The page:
Dallas shootings: Killer 'prepared larger attack'
The man who shot dead five police officers in Dallas and wounded seven more was planning an even larger attack, the city's police chief says.
Micah Johnson, 25, was angry with the recent killings of black men by police and wanted to kill white officers, police say.
Police chief David Brown said he was "convinced" Johnson had wider plans.
He told CNN that Johnson, a military veteran, appeared to have practised detonating explosives.
Meanwhile, Delphine Johnson, the gunman's mother, told US site TheBlaze.com that he had been "disappointed" by his experience in the US military.
"The military was not what Micah thought it would be," she said. "He was very disappointed."
Mr Brown also said police were trying to find the significance of the letters "RB" that Johnson had written in his own blood, near where he was killed by a remote detonation by police.
Officers were also reading a journal found in Johnson's house that Mr Brown said was proving "hard to decipher".
Mr Brown also revealed that during two hours of negotiations last Thursday, the attacker taunted police.
"He just basically lied to us - playing games, laughing at us, singing, asking how many [police officers] did he get and that he wanted to kill some more and that there were bombs there."
"So there was no progress on the negotiation... I began to feel that it was only at a split second he would charge us and take out many more before we could kill him," Mr Brown added.
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Johnson launched his attack in Dallas as a protest was taking place against the deaths of black men at the hands of police.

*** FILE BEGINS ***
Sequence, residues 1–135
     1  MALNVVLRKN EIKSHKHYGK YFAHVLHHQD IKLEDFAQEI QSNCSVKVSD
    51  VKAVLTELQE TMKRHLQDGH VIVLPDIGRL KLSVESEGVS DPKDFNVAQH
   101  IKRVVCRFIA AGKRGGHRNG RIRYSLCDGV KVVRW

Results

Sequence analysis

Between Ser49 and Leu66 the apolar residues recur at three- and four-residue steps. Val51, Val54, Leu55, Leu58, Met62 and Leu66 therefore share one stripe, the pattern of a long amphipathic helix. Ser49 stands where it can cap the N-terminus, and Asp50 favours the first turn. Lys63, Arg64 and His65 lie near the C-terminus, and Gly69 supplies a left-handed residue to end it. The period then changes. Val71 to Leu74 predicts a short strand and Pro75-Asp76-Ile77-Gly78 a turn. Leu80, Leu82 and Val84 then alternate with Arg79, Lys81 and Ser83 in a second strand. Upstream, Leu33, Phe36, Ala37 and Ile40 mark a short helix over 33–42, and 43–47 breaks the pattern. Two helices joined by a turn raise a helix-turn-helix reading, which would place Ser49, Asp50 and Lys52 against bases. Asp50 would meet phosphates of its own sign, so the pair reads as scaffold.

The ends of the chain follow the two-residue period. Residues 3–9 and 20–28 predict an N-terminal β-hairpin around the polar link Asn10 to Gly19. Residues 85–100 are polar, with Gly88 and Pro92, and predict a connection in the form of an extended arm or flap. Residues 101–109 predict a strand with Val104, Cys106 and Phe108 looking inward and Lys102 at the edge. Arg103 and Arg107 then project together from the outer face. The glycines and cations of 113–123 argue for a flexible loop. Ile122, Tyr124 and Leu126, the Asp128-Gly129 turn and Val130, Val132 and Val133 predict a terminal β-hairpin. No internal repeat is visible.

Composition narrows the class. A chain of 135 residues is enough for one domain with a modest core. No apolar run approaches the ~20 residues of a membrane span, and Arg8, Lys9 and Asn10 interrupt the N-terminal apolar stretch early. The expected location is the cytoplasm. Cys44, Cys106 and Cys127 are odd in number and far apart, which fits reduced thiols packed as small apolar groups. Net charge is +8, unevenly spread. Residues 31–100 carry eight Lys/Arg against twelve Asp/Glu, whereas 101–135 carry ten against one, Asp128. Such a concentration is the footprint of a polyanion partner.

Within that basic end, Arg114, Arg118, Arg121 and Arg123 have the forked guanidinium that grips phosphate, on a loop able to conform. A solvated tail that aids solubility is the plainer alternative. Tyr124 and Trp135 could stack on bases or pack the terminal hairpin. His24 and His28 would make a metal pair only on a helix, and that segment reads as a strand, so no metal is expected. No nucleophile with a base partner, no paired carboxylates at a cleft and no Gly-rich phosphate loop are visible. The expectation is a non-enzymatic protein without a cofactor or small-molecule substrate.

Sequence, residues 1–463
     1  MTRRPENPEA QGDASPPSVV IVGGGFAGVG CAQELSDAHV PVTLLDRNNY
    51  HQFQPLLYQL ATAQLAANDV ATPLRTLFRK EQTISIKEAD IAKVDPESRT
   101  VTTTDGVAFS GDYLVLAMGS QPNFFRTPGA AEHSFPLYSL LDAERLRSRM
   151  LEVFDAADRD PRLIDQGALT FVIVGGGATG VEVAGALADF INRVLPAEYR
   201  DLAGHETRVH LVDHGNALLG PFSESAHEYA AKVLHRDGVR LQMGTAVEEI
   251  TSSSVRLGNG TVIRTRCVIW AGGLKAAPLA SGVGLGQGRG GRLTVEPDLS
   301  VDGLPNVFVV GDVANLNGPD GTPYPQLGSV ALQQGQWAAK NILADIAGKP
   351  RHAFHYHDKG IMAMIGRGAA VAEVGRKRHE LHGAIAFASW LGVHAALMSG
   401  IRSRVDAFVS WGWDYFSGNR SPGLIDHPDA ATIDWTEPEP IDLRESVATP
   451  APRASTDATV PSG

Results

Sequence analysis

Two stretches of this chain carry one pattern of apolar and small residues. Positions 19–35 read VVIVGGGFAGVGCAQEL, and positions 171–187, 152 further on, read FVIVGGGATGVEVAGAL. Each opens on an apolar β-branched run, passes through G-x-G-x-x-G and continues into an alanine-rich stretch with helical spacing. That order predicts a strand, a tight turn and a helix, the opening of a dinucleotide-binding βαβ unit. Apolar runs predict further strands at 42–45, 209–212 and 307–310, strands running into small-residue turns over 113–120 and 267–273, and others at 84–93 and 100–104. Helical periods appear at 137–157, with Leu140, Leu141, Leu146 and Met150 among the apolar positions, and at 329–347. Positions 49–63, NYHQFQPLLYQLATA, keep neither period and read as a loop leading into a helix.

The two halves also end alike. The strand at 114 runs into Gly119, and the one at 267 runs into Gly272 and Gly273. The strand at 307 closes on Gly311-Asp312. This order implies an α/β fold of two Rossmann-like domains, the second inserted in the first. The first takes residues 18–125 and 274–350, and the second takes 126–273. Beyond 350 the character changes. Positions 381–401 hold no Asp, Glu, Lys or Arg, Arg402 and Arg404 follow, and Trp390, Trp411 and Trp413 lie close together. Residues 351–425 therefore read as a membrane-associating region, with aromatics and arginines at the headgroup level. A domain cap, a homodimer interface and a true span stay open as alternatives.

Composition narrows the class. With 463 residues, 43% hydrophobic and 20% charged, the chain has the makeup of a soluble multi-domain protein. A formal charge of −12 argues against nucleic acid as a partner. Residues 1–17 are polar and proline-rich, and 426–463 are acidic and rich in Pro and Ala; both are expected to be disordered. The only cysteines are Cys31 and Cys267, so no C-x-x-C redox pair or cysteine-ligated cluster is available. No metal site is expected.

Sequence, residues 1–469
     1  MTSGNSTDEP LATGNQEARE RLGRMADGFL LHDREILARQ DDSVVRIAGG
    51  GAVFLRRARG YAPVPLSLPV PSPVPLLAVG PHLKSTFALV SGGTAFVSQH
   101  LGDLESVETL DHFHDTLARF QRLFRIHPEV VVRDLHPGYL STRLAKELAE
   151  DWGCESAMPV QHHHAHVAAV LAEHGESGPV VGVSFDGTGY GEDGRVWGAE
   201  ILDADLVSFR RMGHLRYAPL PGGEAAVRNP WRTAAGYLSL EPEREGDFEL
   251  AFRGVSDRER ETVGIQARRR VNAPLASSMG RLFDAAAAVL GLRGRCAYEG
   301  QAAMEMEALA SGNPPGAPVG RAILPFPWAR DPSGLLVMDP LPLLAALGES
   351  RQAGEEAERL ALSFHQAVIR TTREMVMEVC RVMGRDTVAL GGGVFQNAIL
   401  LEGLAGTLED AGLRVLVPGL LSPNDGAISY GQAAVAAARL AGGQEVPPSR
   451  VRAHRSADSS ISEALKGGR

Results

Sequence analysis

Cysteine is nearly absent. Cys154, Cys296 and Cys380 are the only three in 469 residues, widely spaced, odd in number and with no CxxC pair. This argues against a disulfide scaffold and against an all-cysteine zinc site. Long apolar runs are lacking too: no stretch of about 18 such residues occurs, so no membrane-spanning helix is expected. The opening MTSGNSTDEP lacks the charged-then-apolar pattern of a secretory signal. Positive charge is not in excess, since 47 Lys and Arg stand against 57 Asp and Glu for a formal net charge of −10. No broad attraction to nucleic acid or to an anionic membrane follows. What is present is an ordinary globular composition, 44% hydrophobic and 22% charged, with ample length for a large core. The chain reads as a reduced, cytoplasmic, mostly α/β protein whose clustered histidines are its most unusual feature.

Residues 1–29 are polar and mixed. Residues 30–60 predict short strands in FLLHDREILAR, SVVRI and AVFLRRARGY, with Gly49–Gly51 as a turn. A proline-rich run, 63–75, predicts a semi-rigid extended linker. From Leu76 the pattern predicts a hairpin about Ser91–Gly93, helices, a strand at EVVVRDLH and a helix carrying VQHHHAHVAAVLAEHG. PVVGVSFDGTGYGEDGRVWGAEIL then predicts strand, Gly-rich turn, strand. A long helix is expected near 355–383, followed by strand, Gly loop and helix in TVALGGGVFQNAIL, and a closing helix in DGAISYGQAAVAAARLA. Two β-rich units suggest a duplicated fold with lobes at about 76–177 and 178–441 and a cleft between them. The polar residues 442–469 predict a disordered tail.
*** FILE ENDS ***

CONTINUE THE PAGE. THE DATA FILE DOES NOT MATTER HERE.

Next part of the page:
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In Baton Rouge, up to 40 people were arrested on Sunday during a protest rally.
Some of the demonstrators chanted "No justice, no peace!" during a stand-off with police in riot gear.
In Virginia, protesters briefly shut down an interstate motorway in Portsmouth. They were marching in support of the Black Lives Matter movement.
In Detroit, Michigan, police arrested four men for posting threats against police officers on Facebook, urging people to kill white officers.
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At the scene: David Willis, BBC News, Dallas
In contrast to protesters in other parts of the country, the people of Dallas are uniting behind their police officers.
A makeshift shrine in memory of the five officers gunned down on Thursday night sprang up outside police headquarters in the Cedars district of the city within hours of the attack, and it is now a mass of flowers, balloons, stuffed toys and messages of sympathy.
Throughout the day, a constant stream of visitors have come here - black, white, Hispanic; young couples, elderly folk, little girls in sun dresses - to pay their respects, say a prayer or simply shed a tear.
An impromptu prayer session on the steps of police headquarters ended with hugs and a police officer breaking down in tears.
Earlier, a mother was overheard telling her son it was up to his generation to make things better: "This generation tried, but soon it will be up to you," she said.
Demonstrations have continued despite an effort by President Barack Obama to soothe the tension.
On a visit to Spain on Sunday, he demanded an end to anti-police violence.
"Whenever those of us who are concerned about fairness in the criminal justice system attack police officers, you are doing a disservice to the cause," he said.
Also on Sunday, the White House said Mr Obama would travel to Dallas on Tuesday. He will speak at an interfaith memorial service.